Emyr Jenkins, images
Jon Gower, words
Usually it’s left to the future to decide which moments are historic but luckily we had a historian among the 2,000 marchers for independence in Cardiff. Swansea University’s Martin Johnes though it was “maybe a historic moment in the history of our nation” and that seems good enough for now.
In greeting the marchers who had travelled from all points Yes Cymru chair Siôn Jobbins pointed out that everyone had crossed a river to get here as they coached in from Anglesey, Dolgellau, London and Aberystwyth and so on, crossing the Teifi, the Ystwyth, the Mawddach and the Severn on their way to crossing what he described as the Rubicon. So I crossed the Canna, which flows underground through Pontcanna and then the Taf but also took my own river. My ten-year-old daughter Onwy was at my side and she is named after a small stream that runs fierce in winter as it flows to join the river Clettwr near Talgarreg.
Indeed the whole event was a confluence, the brainchild of All Under One Banner Cymru’s Llywelyn ap Gwilym, who took his cue from the Scottish independence pressure group formed in 2014 which similarly took people away from social media and onto the streets to make their message heard. It brought together a panoply of small but burgeoning grassroots organisations and had inclusivity as a watchword. So Sandra Clubb of Undod shared with us her vision of a feminist republic which banished all patriarchy while Ben Gwalchmai argued, in the face of good spirited heckling, for the clear need to bring more Labour supporters into the fold, as well as underlining the fact that many already are in favour of Welsh independence.
Even if, like President Trump’s inauguration crowd, there is debate about the actual numbers in attendance there was one incontrovertible fact about the Cardiff procession. The bulk of the marchers was young – and had the pulsing energy and optimism of youth. If this alone is fully harnessed one can easily see how such a march can feed political momentum, much as the thousands of Catalans who thronged the streets of Barcelona for La Diada, their National Day which over time swelled into tens of thousands and ultimately into millions.
Coincidentally Plaid Cymru leader Adam Price had just returned from Madrid where he met figures from the Catalan independence movement who had been put in prison by Spain for their beliefs, “a stain on democracy” as Price put it. Even in gaol his counterparts shared their desire that they could one day meet as free peoples.
Anyone who has seen, on Youtube, Adam Price’s speech at Harvard Yard knows how he can rise to the occasion, and yesterday was no exception. Wales, after all, used to be a net exporter of world-class political orators, but the past few years has seen the necessary skills in parlous decline, politicians reduced to mumbling and sloganeering and hollow apparachnik-speak. Not in Price’s case, though. In making the case for Wales’s wealth in energy terms he melded clarity and passion with intelligence, arguing how the country could wipe out the inequities of poverty, visible very clearly in the homeless of Cardiff, who slumped in doorways mere yards away from the speakers’ rostrum.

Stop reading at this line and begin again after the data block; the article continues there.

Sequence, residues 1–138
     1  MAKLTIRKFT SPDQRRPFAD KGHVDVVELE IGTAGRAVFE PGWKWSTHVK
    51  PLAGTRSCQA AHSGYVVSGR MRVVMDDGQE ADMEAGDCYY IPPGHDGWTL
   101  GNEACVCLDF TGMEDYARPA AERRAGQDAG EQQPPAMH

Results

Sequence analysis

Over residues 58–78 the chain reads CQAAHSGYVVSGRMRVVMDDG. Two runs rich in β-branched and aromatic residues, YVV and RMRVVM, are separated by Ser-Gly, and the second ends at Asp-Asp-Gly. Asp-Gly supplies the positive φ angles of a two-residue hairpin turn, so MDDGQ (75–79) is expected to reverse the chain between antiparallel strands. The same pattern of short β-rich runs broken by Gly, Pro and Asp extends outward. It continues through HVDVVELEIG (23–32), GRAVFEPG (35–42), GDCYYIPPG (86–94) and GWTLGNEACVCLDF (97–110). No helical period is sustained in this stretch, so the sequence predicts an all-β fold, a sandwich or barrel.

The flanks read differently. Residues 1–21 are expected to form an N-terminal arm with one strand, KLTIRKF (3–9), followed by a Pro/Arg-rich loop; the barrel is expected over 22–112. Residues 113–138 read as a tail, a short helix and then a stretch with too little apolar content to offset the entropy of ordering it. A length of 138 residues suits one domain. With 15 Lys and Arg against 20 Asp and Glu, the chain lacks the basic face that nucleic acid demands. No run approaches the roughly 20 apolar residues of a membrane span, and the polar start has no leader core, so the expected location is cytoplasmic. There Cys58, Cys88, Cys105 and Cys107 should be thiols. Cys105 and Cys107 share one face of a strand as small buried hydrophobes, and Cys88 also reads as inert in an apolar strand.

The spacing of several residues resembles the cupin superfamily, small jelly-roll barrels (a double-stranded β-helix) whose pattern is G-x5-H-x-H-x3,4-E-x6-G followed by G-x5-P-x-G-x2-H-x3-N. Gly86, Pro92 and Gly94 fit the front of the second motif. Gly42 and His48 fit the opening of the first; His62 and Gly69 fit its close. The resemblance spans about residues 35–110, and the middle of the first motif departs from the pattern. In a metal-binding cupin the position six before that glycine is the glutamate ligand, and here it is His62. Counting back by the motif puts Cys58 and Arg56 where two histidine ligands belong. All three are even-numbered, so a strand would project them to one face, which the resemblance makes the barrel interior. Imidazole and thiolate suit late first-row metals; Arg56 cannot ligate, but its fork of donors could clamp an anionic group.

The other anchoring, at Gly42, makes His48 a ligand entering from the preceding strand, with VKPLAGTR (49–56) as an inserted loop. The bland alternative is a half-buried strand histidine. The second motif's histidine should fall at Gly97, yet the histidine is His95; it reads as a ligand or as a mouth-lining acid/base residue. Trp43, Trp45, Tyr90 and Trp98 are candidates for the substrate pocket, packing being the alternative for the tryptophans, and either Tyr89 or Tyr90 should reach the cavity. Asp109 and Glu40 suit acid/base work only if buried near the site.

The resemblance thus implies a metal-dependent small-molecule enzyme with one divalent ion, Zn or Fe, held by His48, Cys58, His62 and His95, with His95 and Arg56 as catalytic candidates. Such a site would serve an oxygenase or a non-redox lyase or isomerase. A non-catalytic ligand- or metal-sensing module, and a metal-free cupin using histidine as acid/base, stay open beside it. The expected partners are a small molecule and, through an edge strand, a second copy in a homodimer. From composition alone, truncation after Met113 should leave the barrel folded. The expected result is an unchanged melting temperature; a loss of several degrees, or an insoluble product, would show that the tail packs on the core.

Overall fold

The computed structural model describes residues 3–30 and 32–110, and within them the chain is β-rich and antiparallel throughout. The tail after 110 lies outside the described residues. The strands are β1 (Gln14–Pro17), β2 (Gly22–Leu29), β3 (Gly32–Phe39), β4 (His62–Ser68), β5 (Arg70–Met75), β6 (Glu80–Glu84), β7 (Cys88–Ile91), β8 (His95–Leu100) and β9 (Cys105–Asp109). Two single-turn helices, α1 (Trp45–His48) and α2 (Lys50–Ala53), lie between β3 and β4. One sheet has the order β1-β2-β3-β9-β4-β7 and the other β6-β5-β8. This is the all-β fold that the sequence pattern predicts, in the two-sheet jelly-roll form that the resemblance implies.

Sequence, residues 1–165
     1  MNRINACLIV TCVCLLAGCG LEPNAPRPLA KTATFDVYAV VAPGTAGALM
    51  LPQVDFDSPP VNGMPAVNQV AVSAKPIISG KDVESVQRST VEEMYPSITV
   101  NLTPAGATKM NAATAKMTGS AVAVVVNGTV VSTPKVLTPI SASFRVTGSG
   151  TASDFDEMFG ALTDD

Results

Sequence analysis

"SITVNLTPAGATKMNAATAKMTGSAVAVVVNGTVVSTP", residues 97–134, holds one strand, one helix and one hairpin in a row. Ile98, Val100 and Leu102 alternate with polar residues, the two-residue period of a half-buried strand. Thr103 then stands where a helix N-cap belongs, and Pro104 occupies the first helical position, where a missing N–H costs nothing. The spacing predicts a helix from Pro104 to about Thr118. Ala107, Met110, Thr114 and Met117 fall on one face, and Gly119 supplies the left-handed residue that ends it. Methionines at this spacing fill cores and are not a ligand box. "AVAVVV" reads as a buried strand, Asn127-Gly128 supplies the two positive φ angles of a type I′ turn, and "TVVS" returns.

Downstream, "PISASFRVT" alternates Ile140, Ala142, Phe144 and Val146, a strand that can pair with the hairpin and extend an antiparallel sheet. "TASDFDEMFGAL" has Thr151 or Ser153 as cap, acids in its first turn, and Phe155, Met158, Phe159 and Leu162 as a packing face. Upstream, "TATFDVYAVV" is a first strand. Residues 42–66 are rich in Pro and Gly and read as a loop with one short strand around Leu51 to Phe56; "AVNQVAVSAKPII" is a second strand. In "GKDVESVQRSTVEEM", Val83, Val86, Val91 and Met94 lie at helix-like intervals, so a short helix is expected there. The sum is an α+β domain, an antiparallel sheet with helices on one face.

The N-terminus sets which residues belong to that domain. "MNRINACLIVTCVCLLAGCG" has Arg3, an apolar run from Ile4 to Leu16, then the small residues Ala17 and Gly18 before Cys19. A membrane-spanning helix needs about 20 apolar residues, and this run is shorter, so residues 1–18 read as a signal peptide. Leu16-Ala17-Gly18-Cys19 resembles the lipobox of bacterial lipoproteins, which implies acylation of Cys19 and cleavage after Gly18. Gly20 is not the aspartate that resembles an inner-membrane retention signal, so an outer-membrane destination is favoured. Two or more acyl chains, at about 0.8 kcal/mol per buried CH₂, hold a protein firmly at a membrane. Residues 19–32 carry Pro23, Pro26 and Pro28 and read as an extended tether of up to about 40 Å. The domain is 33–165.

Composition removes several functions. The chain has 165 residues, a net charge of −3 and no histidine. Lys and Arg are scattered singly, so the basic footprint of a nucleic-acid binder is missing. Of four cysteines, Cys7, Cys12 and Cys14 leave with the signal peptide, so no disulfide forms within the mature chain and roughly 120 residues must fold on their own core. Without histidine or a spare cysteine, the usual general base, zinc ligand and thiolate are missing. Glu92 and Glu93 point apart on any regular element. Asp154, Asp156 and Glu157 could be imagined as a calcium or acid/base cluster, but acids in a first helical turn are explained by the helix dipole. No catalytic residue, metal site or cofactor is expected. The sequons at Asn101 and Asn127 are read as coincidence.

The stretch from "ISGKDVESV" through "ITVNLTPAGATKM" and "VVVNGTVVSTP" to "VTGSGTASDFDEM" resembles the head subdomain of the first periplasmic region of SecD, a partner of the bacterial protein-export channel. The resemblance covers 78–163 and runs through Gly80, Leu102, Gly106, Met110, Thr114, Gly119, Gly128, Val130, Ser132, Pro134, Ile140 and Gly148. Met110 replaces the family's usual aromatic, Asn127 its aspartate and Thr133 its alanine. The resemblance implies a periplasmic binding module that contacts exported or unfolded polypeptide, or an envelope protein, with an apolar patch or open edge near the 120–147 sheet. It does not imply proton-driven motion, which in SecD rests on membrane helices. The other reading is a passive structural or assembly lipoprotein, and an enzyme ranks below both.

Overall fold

It was, hearteningly, a good-humoured march into history and perhaps the best gag of the day was posted on Twitter by Erin Owain. Citing her highlight of the march, she told of an exchange at the bar of the Owain Glyndwr pub. One friend asked the other ‘Mate, what do you want?’ The friend replied ‘Independence.’
In the face of the pitiful machinations of the Brexit process – if you can call it that – and the deepening attritions of austerity Britain, yesterday’s march and its attendant speeches spoke of hope and ambition and a growing confidence. One sure way of not being downtrodden is to take positive steps oneself to change things and do so confidently. Yesterday was one such step and I, for one, was grateful to join fellow travellers who can see somewhere better in prospect, somewhere now certainly within reach. It deepened my sense that Welshness can be a sort of welcoming family, an antidote to the septic xenophobia seemingly given free rein these past few, Brexit-poisoned years.
Walking under a fluttering sea of banners alongside Kurds and folk from Anglesey, young men in sharp suits and families out with the prams spoke eloquently about the inclusivity of the day. And with the Barry Horns bringing the rhythms of their football terrace mariachi to the shopping streets of the capital it did feel as if this was a transformative day, when a free Wales could not only be fervently desired but genuinely be created. History is within grasp.
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